14. Give credit on HackerOne and on WhiteHat List on our Website

  15. Send bounty/gift to Hacker. The list with the codes is stored in GDrive. Our policy is to award a $50 gift certificate for every new hacker that reported a new vulnerability to us that has at least the criticality of medium. Exceptions to this policy can be made by the security team where warranted (e.g. award a second certificate for a hacker that demonstrated exceptional committment).

  16. Close task in Asana (and HackerOne if applicable)

Open Source Vulnerability

The same process as Closed Source Vulnerabilities, except:

  1. Phrase the PullRequests in a non-sensitive and technology-focussed way that explains what was changed

  2. Do not include keywords like "XSS", "hacker", "exploit" in the PR

  3. The merged PR will show in the release notes in GitHub (this happens automatically)

Pentesting (internal)

For pentesting, we use OWASP ZAP. OWASP ZAP is a Proxy server that allows for testing against common web application vulnerabilities. The relevant GDrive folder is here.

We use the following process:

  • Install the most recent version of OWASP ZAP on a local machine. Get it from the website.

  • Set up a test instance of Rocket.Chat with all features enabled with the most recent version

  • Use persistent session in OWASP ZAP

  • Analyze --> Scan Policy: Import the "basic scan" and "selected Features" policies from GDrive

  • Perform an automated scan using traditional and ajax spider

  • Remove non-rocket.chat domains (e.g. gstatic) from the scope

  • Perform an automated scan using both scan policies

  • Now perform a manual scan: log in using both a standard user and an admin account created in the test instance and explore. Focus exploration on newly added or recently changed features.

  • Perform another automated scan using both scan policies

  • End the scan activities

  • Create a PDF export and an HTML exports of the alerts. The PDF export is easier to read and open, but does not contain all fields. This is a problem with ZAP.

  • Export the current session of OWASP. Watch out, the file size can be several GB.

  • Store both reports in GDrive with an indicator of the date the scans were performed.

  • Go into Asana and check all findings (except informative ones) against existing or past Asana tasks. Search for the tag "pentest".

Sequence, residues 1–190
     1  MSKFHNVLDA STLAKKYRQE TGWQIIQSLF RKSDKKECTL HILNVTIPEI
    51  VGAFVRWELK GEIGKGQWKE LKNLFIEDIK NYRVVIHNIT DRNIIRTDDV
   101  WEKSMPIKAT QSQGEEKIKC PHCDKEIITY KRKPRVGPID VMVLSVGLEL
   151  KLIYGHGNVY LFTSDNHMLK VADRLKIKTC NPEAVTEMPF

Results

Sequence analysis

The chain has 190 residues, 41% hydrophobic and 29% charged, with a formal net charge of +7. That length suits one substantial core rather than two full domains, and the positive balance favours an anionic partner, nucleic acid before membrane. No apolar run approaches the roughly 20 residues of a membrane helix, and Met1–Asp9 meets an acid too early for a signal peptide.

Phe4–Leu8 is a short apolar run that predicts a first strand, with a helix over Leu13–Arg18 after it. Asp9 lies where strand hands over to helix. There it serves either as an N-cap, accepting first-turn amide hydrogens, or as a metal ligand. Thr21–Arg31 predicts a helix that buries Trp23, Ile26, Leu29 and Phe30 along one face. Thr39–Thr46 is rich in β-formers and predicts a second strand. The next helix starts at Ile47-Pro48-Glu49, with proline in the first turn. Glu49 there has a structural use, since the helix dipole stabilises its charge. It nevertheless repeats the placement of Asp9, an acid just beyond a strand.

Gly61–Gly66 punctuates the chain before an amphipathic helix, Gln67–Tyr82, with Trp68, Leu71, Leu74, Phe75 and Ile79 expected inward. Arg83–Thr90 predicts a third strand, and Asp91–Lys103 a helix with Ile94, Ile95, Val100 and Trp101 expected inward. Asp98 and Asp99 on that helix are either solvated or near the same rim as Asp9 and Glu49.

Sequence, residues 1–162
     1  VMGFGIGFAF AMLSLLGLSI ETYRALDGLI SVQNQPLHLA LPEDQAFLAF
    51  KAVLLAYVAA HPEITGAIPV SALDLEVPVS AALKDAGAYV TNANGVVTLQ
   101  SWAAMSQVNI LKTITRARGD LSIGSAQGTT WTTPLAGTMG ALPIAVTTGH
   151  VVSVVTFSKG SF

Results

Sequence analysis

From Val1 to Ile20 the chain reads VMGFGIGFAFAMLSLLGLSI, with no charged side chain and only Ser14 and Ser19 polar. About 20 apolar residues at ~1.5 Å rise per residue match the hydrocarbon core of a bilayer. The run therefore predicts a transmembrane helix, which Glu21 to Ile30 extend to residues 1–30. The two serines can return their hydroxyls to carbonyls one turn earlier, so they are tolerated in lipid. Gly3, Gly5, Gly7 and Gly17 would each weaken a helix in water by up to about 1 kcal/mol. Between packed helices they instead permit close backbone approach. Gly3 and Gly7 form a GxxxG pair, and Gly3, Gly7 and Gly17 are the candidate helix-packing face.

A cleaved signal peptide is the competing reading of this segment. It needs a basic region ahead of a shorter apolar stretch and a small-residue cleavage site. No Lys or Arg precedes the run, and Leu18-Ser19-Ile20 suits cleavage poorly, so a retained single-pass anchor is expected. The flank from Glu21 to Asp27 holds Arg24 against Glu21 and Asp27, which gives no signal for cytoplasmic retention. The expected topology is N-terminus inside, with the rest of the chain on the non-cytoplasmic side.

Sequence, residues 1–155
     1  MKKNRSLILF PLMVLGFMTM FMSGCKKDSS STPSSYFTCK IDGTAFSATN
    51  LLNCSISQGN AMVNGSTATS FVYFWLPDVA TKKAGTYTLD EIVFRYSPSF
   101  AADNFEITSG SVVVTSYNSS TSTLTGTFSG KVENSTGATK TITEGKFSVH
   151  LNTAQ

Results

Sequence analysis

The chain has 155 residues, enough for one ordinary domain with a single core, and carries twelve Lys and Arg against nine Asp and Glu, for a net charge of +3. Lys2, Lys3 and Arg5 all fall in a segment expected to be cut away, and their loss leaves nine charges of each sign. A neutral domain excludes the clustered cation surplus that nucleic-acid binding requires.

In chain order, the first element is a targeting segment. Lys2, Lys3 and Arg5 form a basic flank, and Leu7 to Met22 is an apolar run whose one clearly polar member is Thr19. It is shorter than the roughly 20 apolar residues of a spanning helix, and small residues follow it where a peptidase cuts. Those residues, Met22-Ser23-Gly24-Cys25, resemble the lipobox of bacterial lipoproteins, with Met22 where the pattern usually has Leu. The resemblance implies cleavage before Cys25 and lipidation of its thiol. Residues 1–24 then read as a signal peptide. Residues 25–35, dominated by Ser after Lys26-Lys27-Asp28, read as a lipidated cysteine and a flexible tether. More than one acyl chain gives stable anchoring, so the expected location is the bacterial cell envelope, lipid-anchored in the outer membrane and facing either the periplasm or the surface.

• Add new tasks for new findings. Re-open closed tasks for findings that keep re-occuring even though they were closed in Asana already. Do not open a new task for closed tasks that have a comment regarding acceptance of the vulnerability.

  • Provide an overview of the recent scan in the #security channel in RC.

Reporting

On a monthly basis, the security team provides a metric sheet to management and presents in the all-hands meeting. The sheet can be found in GDrive. On a weekly basis, the security team reports the status of the current tasks and issues in the all-hands meeting as per an Asana export and addition to the newsletter.

Task & Project Management

Task and Project Management for Security occur in Asana. Security uses three projects:

  • Product Security: contains tasks that deal with the overall features and improvements of our products and services, e.g.: new features

  • Security Management System: contains tasks that deal with our internal management processes of security, e.g.: policies, reoccurring audit tasks

  • Incidents & Vulnerabilities: containts tasks that deal with the said, e.g.: hackerone reports, github issues pointing out a flaw

Important security milestones are mirrored in the "Milestones" project of the company. Proper Tags should be added, especially to vulnerabilities. We mostly use the tags: hackerone, github, pentest Tasks involving security are often cross-referenced in other projects in Asana. Other teams requesting resources of the security team can simply create a task in Asana and assign it to one of the security members.

Static Code Analysis